Anyway, it appears that these three objects can simply use a SYNTAX of SaHpiTime instead, if the semantics are close enough.  I would recommend doing so and avoiding Opaque altogether.

Note that if Opaque were to be used, even in a TEXTUAL-CONVENTION, it must be included in the IMPORTS clause, per section 3.2 of RFC 2578.  The current HPI-MIB does not do that.  Again, though, I would recommend using SaHpiTime (or SaHpiTimeString, as per 3b above) instead of Opaque.

5a.  One INDEX object is an auxiliary object that has a SYNTAX of Counter32, which violates section 7.7 of RFC 2578:
Since the object obviously has semantics consistent with SaHpiEntryId, it would be better to use that SYNTAX.

5b.  A related object also has a SYNTAX of Counter32:
Since it is obvious that the saHpiRdrEntryId and saHpiRdrNextEntryId are in the same numbering space, the latter should also be changed to use a SYNTAX of SaHpiEntryId.

6a.  Some INDEX objects that are auxiliary objects are currently defined with a MAX-ACCESS other than not-accessible.  The following should have their MAX-ACCESS changed to "not-accessible" to comply with section 7.7 of RFC 2578.
Note that once that is done, these objects would have to be removed from OBJECT-GROUP clauses in which they are currently listed.  Specifically:
6b.  Also, as a result of fixing 6a above, one of these not-accessible objects can no longer be included in notifications, per section 8.1 of RFC 2578:
The good news is that it is usually better to use a non-INDEX object in notifications, anyway, since such an object already includes the desired instance information and (if chosen well) can also include some additional information that would frequently be useful to notification receiver applications.

I'd recommend using saHpiDomainActiveAlarms in place of saHpiDomainId in each of the nine notifications.  In other words, this object would be substituted for saHpiDomainId in each of the OBJECTS lists in the various NOTIFICATION-TYPE clauses.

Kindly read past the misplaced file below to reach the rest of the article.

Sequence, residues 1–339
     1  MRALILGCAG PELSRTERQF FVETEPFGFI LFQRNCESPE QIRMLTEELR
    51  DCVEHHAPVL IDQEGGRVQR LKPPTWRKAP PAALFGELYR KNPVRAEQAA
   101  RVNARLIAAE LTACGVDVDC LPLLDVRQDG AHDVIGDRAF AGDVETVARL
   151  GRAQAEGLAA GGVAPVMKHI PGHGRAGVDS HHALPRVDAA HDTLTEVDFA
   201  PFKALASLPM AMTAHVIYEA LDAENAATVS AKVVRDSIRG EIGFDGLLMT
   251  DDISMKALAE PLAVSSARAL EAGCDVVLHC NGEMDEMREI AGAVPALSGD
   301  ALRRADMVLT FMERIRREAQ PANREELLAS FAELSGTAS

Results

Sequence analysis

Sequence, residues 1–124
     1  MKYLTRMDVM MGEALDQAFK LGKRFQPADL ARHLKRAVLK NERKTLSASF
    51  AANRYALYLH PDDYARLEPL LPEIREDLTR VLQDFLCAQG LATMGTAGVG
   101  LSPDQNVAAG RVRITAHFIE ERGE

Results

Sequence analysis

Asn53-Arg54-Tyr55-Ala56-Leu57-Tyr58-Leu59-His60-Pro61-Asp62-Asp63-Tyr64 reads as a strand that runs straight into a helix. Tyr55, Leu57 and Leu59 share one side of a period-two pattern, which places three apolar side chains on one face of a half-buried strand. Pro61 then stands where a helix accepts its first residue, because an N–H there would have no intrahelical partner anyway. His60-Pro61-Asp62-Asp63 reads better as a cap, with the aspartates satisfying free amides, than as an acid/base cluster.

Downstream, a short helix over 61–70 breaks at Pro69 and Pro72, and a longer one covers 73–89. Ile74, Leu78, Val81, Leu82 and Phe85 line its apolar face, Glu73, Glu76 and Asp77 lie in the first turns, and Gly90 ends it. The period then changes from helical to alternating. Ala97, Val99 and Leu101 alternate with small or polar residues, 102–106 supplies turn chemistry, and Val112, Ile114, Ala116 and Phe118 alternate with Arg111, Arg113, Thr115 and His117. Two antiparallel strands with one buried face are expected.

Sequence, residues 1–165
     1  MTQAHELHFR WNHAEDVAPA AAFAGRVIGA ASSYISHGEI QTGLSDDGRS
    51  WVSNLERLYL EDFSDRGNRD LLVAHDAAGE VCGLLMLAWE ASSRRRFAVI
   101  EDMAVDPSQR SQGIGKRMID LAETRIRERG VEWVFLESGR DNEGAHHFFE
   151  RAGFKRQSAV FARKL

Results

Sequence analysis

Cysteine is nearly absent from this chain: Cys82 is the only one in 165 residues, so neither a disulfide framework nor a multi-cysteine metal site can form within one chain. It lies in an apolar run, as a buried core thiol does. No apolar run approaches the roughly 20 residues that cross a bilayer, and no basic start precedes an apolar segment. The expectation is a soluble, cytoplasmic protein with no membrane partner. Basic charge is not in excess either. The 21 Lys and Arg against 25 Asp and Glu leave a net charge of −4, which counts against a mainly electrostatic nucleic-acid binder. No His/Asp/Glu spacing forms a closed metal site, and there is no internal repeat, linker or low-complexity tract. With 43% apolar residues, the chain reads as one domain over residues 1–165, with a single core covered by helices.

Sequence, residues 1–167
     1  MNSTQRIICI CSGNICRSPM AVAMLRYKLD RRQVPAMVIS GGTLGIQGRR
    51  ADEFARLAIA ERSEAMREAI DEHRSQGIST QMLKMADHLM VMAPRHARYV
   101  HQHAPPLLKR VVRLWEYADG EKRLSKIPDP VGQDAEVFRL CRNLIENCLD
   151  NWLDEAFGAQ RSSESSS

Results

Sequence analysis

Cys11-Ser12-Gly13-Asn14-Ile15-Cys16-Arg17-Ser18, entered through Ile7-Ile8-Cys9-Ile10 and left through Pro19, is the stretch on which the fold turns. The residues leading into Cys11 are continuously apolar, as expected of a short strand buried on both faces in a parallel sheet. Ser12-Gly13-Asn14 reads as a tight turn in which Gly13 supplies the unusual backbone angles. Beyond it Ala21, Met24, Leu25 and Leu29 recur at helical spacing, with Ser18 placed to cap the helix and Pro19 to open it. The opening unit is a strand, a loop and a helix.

7.  I would assume that the entries in the following tables should have a one-to-one relationship with the entries in the saHpiSensorTable (similar to the one-to-one relationship that exists between the entries in ifXTable and those they augment in the base table ifTable):
If this is true, to be compliant with section 7.8.1 of RFC 2578, the *Entry clauses for these tables should use an AUGMENTS clause instead of an INDEX clause.

There may be some other examples of one-to-one relationships as well, although I haven't scrutinized the HPI-MIB thoroughly enough to tell.  If so, they should also follow suite.  However, I assume that the entries in the following tables are NOT guaranteed to have a one-to-one relationship with the entries in saHpiSensorTable, because the DESCRIPTIONs for them specifically state that, "If SAI-HPI-B.01.01 SaHpiSensorThdDefnT field IsAccessible == FALSE then no threshold record is created.":
8.  The nine notifications are not defined with 0 as next-to-last sub-component, which violates section 8.5 of RFC 2578.  Even if no implementations of the HPI-MIB use SNMPv1, it would be wise to set a good example by following this convention, for the sake of other future MIB designers who might choose to use the HPI-MIB as an example.